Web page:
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Sociology   >   Social Research: Issues and Debates


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Social Research: Issues and Debates

In this course, Professor Tim May (University of Sheffield) explores several important issues in social research, and the debates which surround them. In the first lecture, we consider key perspectives on epistemology – is it possible for research to uncover objective truths about society, and, if so, how? In the second lecture, we look at the place of theory in research through two contrasting approaches – the hypothetico-deductive model and grounded theory. In the third lecture, we think about the role of values in research, examining Max Weber’s concept of value-free sociology and its critics. Next, we reflect upon ethics and the ways in which constraints of funding, time and resources influence the research process. In the fifth and final lecture, we explore some things to consider when presenting research, and ways in which researchers can make their presentations participatory and engaging.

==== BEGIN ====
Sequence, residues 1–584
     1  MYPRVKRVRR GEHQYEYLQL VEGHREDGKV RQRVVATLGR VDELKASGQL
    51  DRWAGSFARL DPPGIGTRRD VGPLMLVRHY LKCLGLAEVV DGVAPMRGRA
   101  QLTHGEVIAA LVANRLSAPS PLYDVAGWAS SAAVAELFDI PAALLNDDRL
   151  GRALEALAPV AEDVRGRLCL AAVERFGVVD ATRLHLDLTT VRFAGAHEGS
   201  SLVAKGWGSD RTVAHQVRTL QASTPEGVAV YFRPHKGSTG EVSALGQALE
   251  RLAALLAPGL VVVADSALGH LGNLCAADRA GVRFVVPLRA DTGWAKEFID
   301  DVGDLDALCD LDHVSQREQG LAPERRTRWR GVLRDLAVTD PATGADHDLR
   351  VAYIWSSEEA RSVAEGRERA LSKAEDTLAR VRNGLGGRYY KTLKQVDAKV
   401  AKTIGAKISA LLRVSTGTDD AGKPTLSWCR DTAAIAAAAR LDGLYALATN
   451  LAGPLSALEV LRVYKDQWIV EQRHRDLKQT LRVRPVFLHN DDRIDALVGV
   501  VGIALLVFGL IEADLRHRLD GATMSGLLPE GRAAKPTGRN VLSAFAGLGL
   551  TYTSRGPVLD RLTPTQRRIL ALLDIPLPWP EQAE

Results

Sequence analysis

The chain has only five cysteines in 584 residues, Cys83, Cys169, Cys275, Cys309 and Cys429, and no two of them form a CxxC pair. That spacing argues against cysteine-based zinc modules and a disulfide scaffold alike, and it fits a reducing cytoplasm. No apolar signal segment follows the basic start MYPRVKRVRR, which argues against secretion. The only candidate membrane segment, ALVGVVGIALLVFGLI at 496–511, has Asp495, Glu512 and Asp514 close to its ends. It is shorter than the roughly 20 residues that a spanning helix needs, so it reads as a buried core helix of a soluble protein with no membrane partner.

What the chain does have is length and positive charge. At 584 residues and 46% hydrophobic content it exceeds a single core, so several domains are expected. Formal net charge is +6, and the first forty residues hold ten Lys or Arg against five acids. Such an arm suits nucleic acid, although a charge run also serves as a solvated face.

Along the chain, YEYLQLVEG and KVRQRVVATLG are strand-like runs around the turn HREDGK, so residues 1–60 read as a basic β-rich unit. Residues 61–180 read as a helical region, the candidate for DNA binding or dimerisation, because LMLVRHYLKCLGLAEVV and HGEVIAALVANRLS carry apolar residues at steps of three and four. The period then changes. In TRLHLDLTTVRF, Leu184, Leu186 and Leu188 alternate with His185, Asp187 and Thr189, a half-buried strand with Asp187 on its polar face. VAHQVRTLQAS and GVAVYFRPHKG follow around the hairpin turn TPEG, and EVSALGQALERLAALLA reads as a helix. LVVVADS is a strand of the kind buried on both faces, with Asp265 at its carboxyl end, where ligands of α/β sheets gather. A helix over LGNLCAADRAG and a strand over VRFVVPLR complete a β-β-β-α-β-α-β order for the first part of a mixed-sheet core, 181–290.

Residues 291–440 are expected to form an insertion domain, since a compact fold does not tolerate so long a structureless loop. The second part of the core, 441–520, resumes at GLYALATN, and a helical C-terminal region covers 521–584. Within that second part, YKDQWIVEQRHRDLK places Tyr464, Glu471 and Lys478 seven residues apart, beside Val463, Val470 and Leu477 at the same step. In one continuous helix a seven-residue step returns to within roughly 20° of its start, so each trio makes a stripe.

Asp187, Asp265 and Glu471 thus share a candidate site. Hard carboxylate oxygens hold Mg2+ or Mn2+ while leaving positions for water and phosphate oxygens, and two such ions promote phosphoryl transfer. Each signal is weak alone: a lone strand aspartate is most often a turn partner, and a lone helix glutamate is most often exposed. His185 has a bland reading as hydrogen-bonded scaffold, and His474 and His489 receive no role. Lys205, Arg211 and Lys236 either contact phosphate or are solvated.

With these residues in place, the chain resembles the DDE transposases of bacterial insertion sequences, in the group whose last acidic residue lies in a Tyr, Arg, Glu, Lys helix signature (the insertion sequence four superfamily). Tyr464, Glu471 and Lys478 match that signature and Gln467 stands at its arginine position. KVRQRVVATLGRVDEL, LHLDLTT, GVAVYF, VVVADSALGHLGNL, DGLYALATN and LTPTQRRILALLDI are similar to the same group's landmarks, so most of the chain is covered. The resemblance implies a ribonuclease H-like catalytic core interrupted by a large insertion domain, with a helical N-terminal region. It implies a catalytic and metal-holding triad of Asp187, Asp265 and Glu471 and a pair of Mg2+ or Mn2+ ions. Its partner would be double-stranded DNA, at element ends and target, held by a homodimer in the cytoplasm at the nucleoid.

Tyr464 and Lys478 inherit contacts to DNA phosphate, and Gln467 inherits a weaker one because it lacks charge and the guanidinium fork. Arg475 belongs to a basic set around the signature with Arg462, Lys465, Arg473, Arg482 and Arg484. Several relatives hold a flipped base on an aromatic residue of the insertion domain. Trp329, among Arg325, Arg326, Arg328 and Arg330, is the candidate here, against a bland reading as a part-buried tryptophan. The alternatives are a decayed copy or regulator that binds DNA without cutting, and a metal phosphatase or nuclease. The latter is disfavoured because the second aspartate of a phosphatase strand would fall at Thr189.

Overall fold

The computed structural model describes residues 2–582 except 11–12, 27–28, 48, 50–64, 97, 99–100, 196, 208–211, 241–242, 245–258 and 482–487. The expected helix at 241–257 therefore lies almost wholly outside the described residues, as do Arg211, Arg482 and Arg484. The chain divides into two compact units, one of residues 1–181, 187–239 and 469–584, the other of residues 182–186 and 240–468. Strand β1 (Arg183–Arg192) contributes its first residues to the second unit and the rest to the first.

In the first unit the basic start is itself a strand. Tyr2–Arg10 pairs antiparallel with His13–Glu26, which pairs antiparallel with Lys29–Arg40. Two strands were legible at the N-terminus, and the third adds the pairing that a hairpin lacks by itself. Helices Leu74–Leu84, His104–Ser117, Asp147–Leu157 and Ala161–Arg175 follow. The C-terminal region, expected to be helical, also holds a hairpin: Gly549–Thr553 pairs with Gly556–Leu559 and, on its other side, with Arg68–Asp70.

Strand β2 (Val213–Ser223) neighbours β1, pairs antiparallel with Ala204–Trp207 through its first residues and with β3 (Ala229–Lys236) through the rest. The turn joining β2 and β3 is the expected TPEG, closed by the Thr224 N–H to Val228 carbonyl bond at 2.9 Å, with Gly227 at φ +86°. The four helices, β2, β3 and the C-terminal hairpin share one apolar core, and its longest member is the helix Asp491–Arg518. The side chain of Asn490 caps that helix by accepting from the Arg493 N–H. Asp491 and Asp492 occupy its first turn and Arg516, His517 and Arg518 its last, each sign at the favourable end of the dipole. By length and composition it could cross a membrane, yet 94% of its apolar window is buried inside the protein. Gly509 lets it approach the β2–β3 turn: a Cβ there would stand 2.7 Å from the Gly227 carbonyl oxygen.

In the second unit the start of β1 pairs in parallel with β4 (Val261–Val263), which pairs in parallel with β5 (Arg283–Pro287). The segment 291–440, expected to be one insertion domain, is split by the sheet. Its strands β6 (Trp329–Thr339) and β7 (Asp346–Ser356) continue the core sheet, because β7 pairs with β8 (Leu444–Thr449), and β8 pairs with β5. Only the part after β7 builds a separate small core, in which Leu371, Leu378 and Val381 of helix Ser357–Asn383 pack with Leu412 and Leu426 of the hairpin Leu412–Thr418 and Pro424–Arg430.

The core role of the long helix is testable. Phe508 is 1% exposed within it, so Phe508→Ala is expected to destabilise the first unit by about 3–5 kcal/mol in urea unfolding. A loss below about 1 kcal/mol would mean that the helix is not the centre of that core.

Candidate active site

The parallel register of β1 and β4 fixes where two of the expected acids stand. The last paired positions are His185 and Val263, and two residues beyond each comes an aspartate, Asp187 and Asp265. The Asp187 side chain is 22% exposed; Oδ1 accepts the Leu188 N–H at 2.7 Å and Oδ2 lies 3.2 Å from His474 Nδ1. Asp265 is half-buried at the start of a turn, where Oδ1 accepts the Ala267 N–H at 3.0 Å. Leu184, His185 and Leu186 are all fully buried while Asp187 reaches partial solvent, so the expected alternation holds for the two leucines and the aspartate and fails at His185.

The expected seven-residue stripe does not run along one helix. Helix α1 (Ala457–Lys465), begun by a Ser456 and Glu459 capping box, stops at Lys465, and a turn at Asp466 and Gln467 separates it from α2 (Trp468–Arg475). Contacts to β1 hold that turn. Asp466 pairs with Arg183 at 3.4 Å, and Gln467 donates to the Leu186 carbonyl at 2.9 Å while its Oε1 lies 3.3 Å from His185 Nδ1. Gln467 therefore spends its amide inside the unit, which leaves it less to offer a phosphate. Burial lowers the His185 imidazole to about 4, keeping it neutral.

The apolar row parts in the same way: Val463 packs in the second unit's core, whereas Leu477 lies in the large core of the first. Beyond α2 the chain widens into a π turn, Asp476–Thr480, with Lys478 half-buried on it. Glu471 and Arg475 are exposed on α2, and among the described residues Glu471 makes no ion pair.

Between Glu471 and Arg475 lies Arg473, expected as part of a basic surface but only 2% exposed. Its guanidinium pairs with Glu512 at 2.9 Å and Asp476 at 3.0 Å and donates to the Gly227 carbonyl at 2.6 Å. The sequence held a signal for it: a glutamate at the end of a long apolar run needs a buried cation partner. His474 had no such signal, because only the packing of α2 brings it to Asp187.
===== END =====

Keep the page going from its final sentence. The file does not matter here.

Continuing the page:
In this lecture, we think about epistemology and whether it is possible to know objective truths about society, focusing in particular on: (i) positivism, which argues that there are universal truths, and that these can be known through scientific testing; (ii) relativism, which denies the existence of truths independent of context and people’s subjective perspectives; (iii) realism, which recognises objective truths exist but says that subjective interpretations are also significant; (iv) feminist standpoint epistemology, which argues that people’s access to truth is shaped by their social position, and particularly that marginalised groups have a more objective view of societies’ failings.

Cite this Lecture

APA style

May, T. (2022, January 26). Social Research: Issues and Debates - Epistemology [Video]. MASSOLIT.

MLA style

May, T. "Social Research: Issues and Debates – Epistemology." MASSOLIT, uploaded by MASSOLIT, 26 Jan 2022,

Image Credits


Prof.  Tim May

Prof. Tim May

Cardiff University